All posts tagged service

3 Essential Elements of Video Announcements

Three Essential Elements of Video Announcements

Today’s post is from my friend, Brady Shearer. He is an extremely talented blogger, podcaster, and church media guru. I highly recommend following him on Twitter at @BradyShearer.

Video announcements for churches can be a toss-up. When they’re done well, they’re enjoyable to watch, informative, and brief. But when they’re done poorly, video announcements can be painful to endure.

In the last year alone I’ve produced more than 1000 different editions of video announcements. I’m the founder of ProVideoAnnouncements.com and we create video announcements every single week for churches across North America.

We’re continuously refining how we approach and produce video announcements. Instead of simply making minor tweaks, I like to find easy changes that produce maximum benefits. For instance, rather than obsess over motion graphics or perfect lighting, I’ve identified what I think are the three most important elements of quality video announcements. If your church can focus on these three core values, your video announcements will be excellent.

3 Essential Elements of Video Announcements

1. Tell a story. Don’t tout information.

Observe the following two examples…

Announcement Example #1

“Men’s Retreat is next week. The cost is $85 per guy. Make sure you get your money in to Pastor Dan before Friday at noon. We’ll be meeting at the church at 5:00 PM and leaving from there. Don’t miss it!”

Announcement Example #2

“Men’s Retreat is next week. [Insert hilarious story from last year about the flag football game] Every detail you need is on the website. Don’t miss it!”

Despite popular belief, the purpose of video announcements is not to share details, specifics, and extensive information. The purpose of video announcements is to inform your church of the most important things happening, and compel them to get involved. The two examples above are very similar. But in Example #1, every possible detail is crammed into the announcement. The problem with this approach is that people don’t remember details!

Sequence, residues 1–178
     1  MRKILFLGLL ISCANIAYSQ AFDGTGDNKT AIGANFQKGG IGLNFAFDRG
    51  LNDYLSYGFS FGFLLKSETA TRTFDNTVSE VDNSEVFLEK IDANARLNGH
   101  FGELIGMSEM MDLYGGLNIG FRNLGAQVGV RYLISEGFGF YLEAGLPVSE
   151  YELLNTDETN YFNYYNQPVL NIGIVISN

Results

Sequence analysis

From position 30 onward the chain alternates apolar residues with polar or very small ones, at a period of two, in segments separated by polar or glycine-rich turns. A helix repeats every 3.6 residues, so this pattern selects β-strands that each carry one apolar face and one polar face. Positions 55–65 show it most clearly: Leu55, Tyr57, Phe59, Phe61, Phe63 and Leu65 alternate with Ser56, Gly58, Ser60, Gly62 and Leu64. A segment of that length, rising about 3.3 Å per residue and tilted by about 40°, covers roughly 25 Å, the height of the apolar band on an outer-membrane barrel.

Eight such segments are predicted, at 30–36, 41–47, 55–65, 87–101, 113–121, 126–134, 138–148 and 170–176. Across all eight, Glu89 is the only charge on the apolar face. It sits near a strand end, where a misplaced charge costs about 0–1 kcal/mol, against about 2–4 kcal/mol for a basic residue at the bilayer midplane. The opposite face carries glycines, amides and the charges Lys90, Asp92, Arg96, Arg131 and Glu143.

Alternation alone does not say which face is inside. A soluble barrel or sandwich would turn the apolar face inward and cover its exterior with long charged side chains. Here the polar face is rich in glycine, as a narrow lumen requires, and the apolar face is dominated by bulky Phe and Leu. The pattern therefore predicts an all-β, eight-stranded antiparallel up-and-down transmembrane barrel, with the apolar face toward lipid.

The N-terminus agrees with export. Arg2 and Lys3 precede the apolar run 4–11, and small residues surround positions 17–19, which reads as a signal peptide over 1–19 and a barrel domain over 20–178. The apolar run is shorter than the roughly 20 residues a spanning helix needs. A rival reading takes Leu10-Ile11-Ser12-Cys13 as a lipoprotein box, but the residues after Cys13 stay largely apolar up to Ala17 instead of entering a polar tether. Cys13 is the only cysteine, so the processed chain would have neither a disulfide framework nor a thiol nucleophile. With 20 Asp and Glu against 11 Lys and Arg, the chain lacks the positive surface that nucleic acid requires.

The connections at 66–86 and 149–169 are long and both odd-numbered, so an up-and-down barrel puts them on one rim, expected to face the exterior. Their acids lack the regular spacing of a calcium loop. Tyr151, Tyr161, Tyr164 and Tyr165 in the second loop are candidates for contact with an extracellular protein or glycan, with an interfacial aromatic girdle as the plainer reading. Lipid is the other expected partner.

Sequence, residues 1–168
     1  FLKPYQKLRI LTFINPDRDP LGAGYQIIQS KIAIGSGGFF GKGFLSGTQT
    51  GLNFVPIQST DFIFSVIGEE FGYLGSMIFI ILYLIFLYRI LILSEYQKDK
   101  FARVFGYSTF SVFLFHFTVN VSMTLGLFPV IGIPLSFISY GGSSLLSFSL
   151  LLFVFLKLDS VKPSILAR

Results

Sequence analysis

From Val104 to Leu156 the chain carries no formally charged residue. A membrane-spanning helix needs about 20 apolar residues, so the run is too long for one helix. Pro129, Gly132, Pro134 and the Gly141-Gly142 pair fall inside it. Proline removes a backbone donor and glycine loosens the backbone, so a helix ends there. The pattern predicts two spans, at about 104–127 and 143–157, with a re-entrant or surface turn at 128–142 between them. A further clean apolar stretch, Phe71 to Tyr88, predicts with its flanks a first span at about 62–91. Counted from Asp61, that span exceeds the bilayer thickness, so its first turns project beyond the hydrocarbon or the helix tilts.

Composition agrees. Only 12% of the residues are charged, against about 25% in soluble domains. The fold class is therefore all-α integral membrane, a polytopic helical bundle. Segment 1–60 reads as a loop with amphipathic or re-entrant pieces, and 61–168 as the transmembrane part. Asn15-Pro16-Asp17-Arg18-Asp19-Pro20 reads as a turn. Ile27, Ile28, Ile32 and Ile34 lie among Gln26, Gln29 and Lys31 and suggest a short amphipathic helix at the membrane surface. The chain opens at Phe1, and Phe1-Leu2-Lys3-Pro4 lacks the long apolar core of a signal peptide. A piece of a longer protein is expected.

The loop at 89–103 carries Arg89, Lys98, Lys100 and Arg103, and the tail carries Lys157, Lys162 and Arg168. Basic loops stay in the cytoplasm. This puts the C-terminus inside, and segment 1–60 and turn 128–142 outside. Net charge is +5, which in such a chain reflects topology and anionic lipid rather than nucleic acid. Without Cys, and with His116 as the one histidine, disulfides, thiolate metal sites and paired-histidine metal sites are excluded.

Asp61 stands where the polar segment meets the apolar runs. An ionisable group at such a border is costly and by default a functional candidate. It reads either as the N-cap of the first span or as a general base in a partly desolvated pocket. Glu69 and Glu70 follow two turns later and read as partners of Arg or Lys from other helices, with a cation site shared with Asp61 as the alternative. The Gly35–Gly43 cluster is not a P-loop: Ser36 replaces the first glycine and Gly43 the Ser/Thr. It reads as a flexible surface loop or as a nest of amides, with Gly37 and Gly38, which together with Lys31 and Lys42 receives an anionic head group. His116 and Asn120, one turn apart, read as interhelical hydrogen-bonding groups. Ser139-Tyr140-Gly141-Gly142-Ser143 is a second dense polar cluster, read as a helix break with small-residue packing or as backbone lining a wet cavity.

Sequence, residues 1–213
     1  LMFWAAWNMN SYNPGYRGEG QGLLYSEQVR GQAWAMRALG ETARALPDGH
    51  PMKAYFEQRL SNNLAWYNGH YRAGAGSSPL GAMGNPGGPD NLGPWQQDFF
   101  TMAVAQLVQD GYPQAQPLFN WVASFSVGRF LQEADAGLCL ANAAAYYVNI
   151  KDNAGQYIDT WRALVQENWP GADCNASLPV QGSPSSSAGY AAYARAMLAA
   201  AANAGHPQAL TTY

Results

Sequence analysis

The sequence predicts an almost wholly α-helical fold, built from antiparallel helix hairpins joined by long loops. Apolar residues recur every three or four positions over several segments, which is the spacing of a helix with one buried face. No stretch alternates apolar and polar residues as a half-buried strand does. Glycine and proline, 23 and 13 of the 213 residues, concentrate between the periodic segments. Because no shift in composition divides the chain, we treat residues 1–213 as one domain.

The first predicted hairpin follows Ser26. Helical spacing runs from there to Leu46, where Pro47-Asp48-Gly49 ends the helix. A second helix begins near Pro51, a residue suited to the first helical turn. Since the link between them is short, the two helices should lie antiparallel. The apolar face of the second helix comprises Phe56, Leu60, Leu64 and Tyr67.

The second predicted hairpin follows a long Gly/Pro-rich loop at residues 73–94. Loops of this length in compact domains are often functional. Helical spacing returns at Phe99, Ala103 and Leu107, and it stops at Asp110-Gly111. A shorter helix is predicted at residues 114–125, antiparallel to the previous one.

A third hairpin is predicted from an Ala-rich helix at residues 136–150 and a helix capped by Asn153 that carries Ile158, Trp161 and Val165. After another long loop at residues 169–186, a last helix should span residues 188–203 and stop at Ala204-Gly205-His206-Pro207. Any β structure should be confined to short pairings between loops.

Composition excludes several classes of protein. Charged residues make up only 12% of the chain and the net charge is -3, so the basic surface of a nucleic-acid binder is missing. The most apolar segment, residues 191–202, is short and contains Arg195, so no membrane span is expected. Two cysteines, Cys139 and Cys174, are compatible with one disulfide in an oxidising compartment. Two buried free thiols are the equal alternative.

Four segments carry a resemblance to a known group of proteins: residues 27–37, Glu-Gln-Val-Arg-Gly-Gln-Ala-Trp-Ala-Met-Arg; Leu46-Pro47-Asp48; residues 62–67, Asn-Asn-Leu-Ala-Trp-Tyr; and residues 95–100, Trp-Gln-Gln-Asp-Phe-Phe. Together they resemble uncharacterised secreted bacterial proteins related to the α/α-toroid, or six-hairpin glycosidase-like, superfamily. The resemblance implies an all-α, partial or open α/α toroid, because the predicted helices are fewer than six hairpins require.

Hoping your church remembers dates, times, phone numbers, or email addresses mentioned during video announcements is a losing approach. If you want men to attend your men’s retreat, share a story that connects with them. They can always find the details later on your website.

2. The perfect length is…

Using stories is a smart approach, but it won’t really matter if your video announcements are eight-minutes long. We’ve found that the perfect length for video announcements is three-minutes or less. Anywhere between two-minutes and three-minutes is the absolute sweet spot. This works out to approximately five announcements included each week.

Remember, the purpose of video announcements shouldn’t be to share an exhaustive itinerary of church life. The purpose is to share what’s most important, and compel your church to get involved.

3. Don’t put that person on camera

Church on the Move in Tulsa, Oklahoma produces some of the best video announcements around. They’re a church of more than 10,000 people, and can you guess how many video announcements presenters they have? Fewer than 5.

Presenting on camera is unlike any other type of presentation. I’ve seen the most dynamic pastors freeze in front of a camera as soon as it begins to record. Growing to be a quality on-camera presenter takes time – a considerable amount of time. Be conscious of whom you’re putting on the screen.